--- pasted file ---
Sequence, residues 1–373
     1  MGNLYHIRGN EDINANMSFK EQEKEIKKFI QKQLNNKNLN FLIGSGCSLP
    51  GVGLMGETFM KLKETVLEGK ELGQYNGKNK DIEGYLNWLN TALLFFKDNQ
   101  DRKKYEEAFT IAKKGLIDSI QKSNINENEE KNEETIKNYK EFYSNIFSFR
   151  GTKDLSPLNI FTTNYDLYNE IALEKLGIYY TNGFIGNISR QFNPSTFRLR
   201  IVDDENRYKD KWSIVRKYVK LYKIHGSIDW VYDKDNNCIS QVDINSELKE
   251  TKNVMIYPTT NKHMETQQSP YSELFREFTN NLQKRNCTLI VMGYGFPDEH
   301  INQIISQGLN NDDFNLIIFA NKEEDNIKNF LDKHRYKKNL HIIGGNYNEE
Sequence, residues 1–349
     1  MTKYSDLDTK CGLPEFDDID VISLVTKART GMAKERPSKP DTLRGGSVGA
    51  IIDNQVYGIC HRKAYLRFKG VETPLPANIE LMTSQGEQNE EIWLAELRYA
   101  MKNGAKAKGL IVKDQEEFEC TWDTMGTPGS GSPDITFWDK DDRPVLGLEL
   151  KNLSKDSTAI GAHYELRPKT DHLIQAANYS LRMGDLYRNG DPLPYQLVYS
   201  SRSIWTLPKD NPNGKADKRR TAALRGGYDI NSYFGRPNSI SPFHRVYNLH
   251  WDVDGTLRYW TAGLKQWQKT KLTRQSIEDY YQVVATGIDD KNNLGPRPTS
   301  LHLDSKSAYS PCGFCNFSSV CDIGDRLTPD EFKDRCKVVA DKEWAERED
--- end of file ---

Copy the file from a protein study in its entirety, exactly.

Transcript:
Sequence, residues 1–373
     1  MGNLYHIRGN EDINANMSFK EQEKEIKKFI QKQLNNKNLN FLIGSGCSLP
    51  GVGLMGETFM KLKETVLEGK ELGQYNGKNK DIEGYLNWLN TALLFFKDNQ
   101  DRKKYEEAFT IAKKGLIDSI QKSNINENEE KNEETIKNYK EFYSNIFSFR
   151  GTKDLSPLNI FTTNYDLYNE IALEKLGIYY TNGFIGNISR QFNPSTFRLR
   201  IVDDENRYKD KWSIVRKYVK LYKIHGSIDW VYDKDNNCIS QVDINSELKE
   251  TKNVMIYPTT NKHMETQQSP YSELFREFTN NLQKRNCTLI VMGYGFPDEH
   301  INQIISQGLN NDDFNLIIFA NKEEDNIKNF LDKHRYKKNL HIIGGNYNEE
Sequence, residues 1–349
     1  MTKYSDLDTK CGLPEFDDID VISLVTKART GMAKERPSKP DTLRGGSVGA
    51  IIDNQVYGIC HRKAYLRFKG VETPLPANIE LMTSQGEQNE EIWLAELRYA
   101  MKNGAKAKGL IVKDQEEFEC TWDTMGTPGS GSPDITFWDK DDRPVLGLEL
   151  KNLSKDSTAI GAHYELRPKT DHLIQAANYS LRMGDLYRNG DPLPYQLVYS
   201  SRSIWTLPKD NPNGKADKRR TAALRGGYDI NSYFGRPNSI SPFHRVYNLH
   251  WDVDGTLRYW TAGLKQWQKT KLTRQSIEDY YQVVATGIDD KNNLGPRPTS
   301  LHLDSKSAYS PCGFCNFSSV CDIGDRLTPD EFKDRCKVVA DKEWAERED